I’ve been buying up more cassette tapes from eBay over the last week or so, mainly to satisfy an itch for stand-up comedy, but also to gamble on a few titles from the 70’s and 80’s without suffering the ear-splitting din that comes from “digital remasters” and without the risk/expense of getting vinyl through the postal network. In amongst those purchases was Billy Bragg‘s “difficult” third album, Talking with the Taxman About Poetry. I’d heard odd songs of his, but never a full album – put it this way, I’ve listened to little else since Saturday.
Yesterday, I was looking for an analysis of one of its’ tracks: “Levi Stubbs’ Tears”. I found one on, of all places, The Spectator – not a publication I’d say would take a very favourable view of Bragg (an often-outspoken socialist) or his music. The comments at the botton (yeah, I know), rather than comment on or discuss the song itself, levelled numerous criticisms of Bragg’s personal life: accusations of being a “champagne socialist”, moving to the rural county of Dorset and various other slurs.
On the same site, I read another article that took pot-shots at liberal lefties for complaining when Kate Bush said she quite likes Theresa May. The article then went on to list a number of artists who, at least as far as the author was concerned, were right-wing or conservative; as an avid Rush listener, calling them “conservative” on the grounds of their Ayn Rand-inspired lyrics during the mid-70’s makes me think the author merely read the Wikipedia article for 2112 in lieu of actual research.
It’s clear that the author of the latter article, and the comments on the former, were written by conservatively-minded people. I came away with the impression that they believed those on the left could not separate an artist from their politics, and that political ideology is explicitly linked to wealth.
Firstly: Kate Bush’s views on Theresa May are her own, and hating on her for holding them is, at best, infantile. Equally infantile is suggesting that Kate’s politics would cause many ‘liberals’ to delete her music from their iPods; personally, even in the highly-unlikely event that her next album served as an overt musical shrine to Thatcherism, my admittedly-meagre Kate Bush collection would still remain – I just wouldn’t buy the new one until I’d heard it first. The widespread view of liberals as snowflakes is grossly over-exaggerated.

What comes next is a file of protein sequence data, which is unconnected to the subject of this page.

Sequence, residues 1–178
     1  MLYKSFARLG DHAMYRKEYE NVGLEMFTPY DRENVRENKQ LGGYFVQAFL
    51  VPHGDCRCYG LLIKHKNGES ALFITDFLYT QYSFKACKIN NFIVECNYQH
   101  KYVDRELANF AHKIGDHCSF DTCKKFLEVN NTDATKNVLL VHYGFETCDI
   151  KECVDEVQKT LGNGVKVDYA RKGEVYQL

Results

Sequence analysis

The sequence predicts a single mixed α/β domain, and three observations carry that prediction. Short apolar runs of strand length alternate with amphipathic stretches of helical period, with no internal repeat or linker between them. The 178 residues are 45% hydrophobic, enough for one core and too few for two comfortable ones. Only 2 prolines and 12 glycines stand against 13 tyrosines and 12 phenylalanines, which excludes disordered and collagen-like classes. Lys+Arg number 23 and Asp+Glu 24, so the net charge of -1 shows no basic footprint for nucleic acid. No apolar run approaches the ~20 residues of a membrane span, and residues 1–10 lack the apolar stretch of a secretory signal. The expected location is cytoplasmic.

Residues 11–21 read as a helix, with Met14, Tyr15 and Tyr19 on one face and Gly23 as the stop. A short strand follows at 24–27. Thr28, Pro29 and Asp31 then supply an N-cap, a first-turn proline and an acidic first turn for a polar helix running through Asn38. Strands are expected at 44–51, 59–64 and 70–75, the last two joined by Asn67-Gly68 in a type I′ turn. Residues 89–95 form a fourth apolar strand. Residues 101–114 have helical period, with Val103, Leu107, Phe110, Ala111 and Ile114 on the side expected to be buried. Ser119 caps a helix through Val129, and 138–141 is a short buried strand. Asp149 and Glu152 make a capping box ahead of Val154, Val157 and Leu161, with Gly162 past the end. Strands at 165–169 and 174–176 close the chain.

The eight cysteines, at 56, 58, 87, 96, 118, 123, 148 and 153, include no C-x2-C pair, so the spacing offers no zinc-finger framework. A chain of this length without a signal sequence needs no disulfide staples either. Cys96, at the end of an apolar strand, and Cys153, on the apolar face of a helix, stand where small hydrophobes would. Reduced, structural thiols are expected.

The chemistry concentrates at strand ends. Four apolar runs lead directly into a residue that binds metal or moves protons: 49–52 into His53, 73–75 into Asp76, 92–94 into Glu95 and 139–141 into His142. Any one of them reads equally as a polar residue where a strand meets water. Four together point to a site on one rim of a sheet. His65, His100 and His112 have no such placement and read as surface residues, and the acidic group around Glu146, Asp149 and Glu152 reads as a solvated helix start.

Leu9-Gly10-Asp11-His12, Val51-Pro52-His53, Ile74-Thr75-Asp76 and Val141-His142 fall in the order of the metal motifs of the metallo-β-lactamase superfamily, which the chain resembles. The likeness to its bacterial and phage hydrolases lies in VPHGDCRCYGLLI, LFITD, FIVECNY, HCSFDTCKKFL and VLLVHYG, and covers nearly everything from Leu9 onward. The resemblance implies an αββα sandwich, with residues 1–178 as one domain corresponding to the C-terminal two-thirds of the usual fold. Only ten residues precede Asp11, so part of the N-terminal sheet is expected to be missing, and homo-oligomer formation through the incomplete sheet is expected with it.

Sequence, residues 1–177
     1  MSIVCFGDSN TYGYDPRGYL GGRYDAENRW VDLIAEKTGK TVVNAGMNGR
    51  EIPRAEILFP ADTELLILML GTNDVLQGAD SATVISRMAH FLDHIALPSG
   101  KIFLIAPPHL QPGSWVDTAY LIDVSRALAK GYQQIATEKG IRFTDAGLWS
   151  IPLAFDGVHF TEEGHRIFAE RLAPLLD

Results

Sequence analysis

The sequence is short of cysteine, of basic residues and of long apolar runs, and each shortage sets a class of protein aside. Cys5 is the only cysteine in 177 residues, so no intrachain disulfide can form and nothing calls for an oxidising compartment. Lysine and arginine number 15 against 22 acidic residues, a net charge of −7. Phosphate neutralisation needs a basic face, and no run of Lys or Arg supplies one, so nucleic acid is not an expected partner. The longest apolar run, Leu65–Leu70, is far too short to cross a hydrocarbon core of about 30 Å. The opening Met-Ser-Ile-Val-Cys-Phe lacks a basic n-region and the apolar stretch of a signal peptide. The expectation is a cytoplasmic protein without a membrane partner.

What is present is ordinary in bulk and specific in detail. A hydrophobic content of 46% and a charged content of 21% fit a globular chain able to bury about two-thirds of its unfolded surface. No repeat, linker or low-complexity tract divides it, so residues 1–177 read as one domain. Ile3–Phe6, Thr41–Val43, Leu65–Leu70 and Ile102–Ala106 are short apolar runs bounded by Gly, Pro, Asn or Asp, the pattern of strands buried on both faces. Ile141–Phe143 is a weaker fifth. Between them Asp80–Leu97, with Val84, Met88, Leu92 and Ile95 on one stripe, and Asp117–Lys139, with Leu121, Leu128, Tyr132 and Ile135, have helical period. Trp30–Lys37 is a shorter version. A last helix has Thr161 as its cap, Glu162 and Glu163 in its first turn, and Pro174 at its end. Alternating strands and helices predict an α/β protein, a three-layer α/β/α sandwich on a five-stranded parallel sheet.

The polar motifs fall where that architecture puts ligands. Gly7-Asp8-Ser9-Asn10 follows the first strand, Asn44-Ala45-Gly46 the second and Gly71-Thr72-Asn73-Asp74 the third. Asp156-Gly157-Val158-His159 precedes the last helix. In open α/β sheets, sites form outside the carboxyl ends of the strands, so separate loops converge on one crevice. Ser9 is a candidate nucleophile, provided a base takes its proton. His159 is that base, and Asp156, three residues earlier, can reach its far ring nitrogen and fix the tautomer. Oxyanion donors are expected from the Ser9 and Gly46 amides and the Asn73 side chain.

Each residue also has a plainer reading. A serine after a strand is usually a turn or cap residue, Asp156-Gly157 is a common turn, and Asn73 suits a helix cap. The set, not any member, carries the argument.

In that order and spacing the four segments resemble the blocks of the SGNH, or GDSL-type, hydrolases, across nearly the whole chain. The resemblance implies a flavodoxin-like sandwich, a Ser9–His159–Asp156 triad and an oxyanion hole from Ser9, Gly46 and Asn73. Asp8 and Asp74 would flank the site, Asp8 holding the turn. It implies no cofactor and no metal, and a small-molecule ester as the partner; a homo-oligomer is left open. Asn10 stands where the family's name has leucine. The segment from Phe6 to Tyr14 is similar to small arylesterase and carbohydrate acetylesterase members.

Secondly, I want to deal with the term “Champagne socialist”. If you’re unaware of the term, it is used to describe someone who holds left-leaning or socialist views despite living a privileged life or having personal wealth; in effect branding them as hypocrites.
Whatever Billy Bragg has in his bank account he has worked hard for, and I doubt anyone reasonable would begrudge him that: musicians don’t exactly get a pension when they hang up their guitars. There’s a sneering belief that any socialist with a bit of cash in the bank should practice what they preach and give it all to the poor, but he shouldn’t have to; he, like many of us, pays his taxes and has a right to speak his mind on how those taxes should be spent. Money, on the other hand, is not the one true commodity; it doesn’t take much digging to see how Bragg has used his creativity, talent and voice to educate the ignorant and speak up for those to whom nobody listens. Knowledge is power.
But where are the right-wing songs? Where are the folk ballads extolling the virtues of laissez-faire capitalism or the dangers of wealth redistribution? Why does Bruce Springsteen continue to outsell Ted Nugent?
I have a few theories.
- We’re still enamoured with music from the summer of love, particularly the peace-loving works of The Beatles.
- We relate to music on an emotional an empathetic level; when someone’s struggles and hardship are borne out in the lyrics, we react with sympathy – hence the success of charity songs like “Do They Know It’s Christmas” and “We Are the World”. A song describing the life of a Banker on a 7-figure salary is more likely to be perceived as bragging than aspirational.
- We also like to connect with the artists whose work speak to us, and like to feel as if they understand the people who buy their music.
Alternatively, it could be perceived that right-wing music exists, but doesn’t take the same form as the folk ballads and protests songs of the left. Right-wing music could simply be the musical equivalent of fast food: low quality, mass-produced and disposable music designed purely for short-term profit.
Music to give your brain a quick buzz rather than enlightenment.
Music born of capitalism, not creativity.
Music to stop you from thinking.
Music to stop you asking questions.